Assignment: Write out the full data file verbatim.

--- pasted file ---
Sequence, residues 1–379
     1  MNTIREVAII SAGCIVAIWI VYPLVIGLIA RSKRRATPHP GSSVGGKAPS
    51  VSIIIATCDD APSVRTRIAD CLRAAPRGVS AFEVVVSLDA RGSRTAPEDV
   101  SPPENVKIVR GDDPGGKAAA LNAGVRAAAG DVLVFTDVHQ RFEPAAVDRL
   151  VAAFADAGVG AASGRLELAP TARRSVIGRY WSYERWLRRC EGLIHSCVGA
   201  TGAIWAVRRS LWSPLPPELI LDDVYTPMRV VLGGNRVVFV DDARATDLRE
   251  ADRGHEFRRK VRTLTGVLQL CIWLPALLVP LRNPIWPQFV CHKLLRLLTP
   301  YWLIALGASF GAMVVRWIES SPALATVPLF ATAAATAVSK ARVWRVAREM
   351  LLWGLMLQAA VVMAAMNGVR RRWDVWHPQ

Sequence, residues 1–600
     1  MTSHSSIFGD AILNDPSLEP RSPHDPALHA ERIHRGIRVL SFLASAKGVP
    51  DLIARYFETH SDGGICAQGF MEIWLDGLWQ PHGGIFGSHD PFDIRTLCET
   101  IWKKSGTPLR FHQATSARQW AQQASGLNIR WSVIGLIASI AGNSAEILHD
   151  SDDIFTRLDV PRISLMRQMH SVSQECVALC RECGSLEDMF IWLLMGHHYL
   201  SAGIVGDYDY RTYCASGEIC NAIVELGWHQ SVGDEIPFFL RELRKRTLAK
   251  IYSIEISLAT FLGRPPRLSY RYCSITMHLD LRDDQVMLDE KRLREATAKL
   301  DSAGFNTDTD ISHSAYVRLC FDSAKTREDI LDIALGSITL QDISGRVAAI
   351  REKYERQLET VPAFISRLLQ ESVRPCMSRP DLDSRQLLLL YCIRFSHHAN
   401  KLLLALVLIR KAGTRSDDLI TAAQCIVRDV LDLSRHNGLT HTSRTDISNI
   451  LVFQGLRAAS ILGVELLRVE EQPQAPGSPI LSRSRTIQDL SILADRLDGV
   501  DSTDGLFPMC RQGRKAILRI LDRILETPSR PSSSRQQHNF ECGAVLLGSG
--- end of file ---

Sequence, residues 1–379
     1  MNTIREVAII SAGCIVAIWI VYPLVIGLIA RSKRRATPHP GSSVGGKAPS
    51  VSIIIATCDD APSVRTRIAD CLRAAPRGVS AFEVVVSLDA RGSRTAPEDV
   101  SPPENVKIVR GDDPGGKAAA LNAGVRAAAG DVLVFTDVHQ RFEPAAVDRL
   151  VAAFADAGVG AASGRLELAP TARRSVIGRY WSYERWLRRC EGLIHSCVGA
   201  TGAIWAVRRS LWSPLPPELI LDDVYTPMRV VLGGNRVVFV DDARATDLRE
   251  ADRGHEFRRK VRTLTGVLQL CIWLPALLVP LRNPIWPQFV CHKLLRLLTP
   301  YWLIALGASF GAMVVRWIES SPALATVPLF ATAAATAVSK ARVWRVAREM
   351  LLWGLMLQAA VVMAAMNGVR RRWDVWHPQ

Sequence, residues 1–600
     1  MTSHSSIFGD AILNDPSLEP RSPHDPALHA ERIHRGIRVL SFLASAKGVP
    51  DLIARYFETH SDGGICAQGF MEIWLDGLWQ PHGGIFGSHD PFDIRTLCET
   101  IWKKSGTPLR FHQATSARQW AQQASGLNIR WSVIGLIASI AGNSAEILHD
   151  SDDIFTRLDV PRISLMRQMH SVSQECVALC RECGSLEDMF IWLLMGHHYL
   201  SAGIVGDYDY RTYCASGEIC NAIVELGWHQ SVGDEIPFFL RELRKRTLAK
   251  IYSIEISLAT FLGRPPRLSY RYCSITMHLD LRDDQVMLDE KRLREATAKL
   301  DSAGFNTDTD ISHSAYVRLC FDSAKTREDI LDIALGSITL QDISGRVAAI
   351  REKYERQLET VPAFISRLLQ ESVRPCMSRP DLDSRQLLLL YCIRFSHHAN
   401  KLLLALVLIR KAGTRSDDLI TAAQCIVRDV LDLSRHNGLT HTSRTDISNI
   451  LVFQGLRAAS ILGVELLRVE EQPQAPGSPI LSRSRTIQDL SILADRLDGV
   501  DSTDGLFPMC RQGRKAILRI LDRILETPSR PSSSRQQHNF ECGAVLLGSG